The proposed merger of two supermarket giants, Asda and Sainsbury’s, has been hailed as one of the new “forces of UK retail”.
But in a rush to point out that the combined chain would have nearly a third of the UK supermarket sector, one key factor has been ignored: Amazon.
Amazon recently launched its online grocery delivery service. Known for its speed, convenience and ease of use, we expect many shoppers to flock to the ecommerce behemoth as commonplace for their weekly shop in the near future. And who knows, maybe it won’t be long before Facebook and Google move into the supermarket space.
When heading to a competitor’s website is as easy as an app download away, traditional supermarkets need to innovate to retain their competitive edge. The question for Sainsbury’s and Asda is how do two very different brands still keep the customer at the heart of the shopping experience, and compete with ecommerce giants that have personalisation and big data use literally coded into their business models?
Out of the UK chains, Sainsbury’s has led the way in adopting and embracing a highly consumer-centric approach, while Asda’s strategy has focused on driving costs down and passing the price benefit to the customer. Will we now see a cross-pollination of ideas resulting in a superior customer experience at an unbeatable value, or will the new venture react to the threat by the budget chains Aldi and Lidl to become a highly cost-focused organisation?
While it might be tempting to go for the latter and slash costs, the former is where the true value lies. Retaining a competitive edge today is all about understanding customer triggers, using insights and big data. Gaining a deeper understanding of customer demands, and mining data across the wave of digital channels, is imperative to delivering a personalised experience. Amazon has spent decades perfecting this, and has a substantial headstart on the big retails chains.
This isn’t just about pouring resources into websites. Physical stores will continue to drive forward a significant portion of supermarket revenue, and delivering a customised experience cannot be overlooked here either.
Earlier this year, the opening of Amazon’s first physical store demonstrated how retailers can disrupt the traditional bricks and mortar approach, enhancing rather than replacing them. In the Amazon store, smart cameras and sensors observed what customers put in their baskets and charged them directly on their accounts, with no need for checkouts.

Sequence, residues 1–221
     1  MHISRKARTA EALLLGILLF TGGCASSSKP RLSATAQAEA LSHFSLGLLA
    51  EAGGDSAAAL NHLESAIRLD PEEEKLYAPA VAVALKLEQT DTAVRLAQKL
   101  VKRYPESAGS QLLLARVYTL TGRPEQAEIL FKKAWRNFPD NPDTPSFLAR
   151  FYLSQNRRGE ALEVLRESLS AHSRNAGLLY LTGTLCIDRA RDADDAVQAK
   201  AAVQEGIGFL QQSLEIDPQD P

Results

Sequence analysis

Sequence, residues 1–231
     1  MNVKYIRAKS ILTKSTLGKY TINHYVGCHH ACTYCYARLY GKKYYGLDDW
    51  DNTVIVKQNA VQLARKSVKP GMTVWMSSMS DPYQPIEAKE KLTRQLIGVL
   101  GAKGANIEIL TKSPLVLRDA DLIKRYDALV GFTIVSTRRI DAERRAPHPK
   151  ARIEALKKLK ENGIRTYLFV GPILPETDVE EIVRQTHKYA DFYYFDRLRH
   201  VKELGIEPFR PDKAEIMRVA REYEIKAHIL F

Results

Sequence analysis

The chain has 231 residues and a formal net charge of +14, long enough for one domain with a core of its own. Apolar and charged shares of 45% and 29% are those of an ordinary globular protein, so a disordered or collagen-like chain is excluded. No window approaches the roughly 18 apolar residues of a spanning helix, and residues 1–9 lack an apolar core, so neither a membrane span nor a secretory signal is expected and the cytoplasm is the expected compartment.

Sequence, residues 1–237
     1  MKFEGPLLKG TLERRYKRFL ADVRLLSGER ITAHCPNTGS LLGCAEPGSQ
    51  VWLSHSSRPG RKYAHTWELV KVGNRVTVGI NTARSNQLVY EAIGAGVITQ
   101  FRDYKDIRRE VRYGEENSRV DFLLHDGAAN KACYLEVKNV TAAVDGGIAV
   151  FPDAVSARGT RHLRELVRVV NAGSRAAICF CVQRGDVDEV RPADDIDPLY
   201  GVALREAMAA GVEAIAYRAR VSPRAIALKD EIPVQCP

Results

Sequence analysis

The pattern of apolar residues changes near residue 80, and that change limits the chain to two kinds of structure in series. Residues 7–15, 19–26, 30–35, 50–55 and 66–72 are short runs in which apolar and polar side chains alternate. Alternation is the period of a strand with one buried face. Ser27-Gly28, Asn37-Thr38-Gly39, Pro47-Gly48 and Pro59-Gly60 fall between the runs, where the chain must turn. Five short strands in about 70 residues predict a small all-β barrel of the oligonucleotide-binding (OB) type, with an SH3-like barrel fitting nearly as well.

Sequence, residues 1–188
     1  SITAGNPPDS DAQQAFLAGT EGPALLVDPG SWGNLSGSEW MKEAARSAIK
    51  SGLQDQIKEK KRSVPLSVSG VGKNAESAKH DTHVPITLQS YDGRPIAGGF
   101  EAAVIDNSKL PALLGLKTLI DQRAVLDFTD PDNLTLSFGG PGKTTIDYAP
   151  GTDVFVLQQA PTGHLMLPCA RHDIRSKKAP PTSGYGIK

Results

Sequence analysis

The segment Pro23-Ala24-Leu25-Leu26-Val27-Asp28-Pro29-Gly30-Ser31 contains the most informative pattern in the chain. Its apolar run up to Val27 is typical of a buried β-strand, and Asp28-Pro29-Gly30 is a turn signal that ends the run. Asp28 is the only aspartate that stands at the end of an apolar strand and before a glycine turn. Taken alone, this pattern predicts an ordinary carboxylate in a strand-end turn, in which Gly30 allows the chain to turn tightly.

This may seem like a gimmick, but making innovative use of emerging technologies, including artificial intelligence (AI) and the internet of things (IoT), is crucial for the retail sector. If supermarkets want to keep up with the competition, this must be a cornerstone of their approach, in order to minimise supply chain costs, and make more insightful decisions for the benefit of their customers.
AI is not something to be feared. It may lead to job replacement, but in retail it can be a real force for good in decision making and the customer journey mapping process. AI technology, combined with smart sensors and the IoT, will also play an integral role in automating the supply chain, improving store efficiencies, and reducing operating costs. It is partly down to this technology that Amazon is able to provide such a personalised service, while keeping costs so low.
The merger of Asda and Sainsbury’s spells big news for the retail sector, but we should not become fixated on whether having one fewer supermarket brand means less consumer choice. Rather, this is about the opportunity to offer customers a more personalised experience.
If the combined chain can put consumer needs first, harness technology, and focus on designing the right store experience, the merger will be a force to reckon with against the online challenger brands.
The future for UK supermarkets is bright – but the opportunities need to be grasped with open arms, now. Simply merging isn’t enough.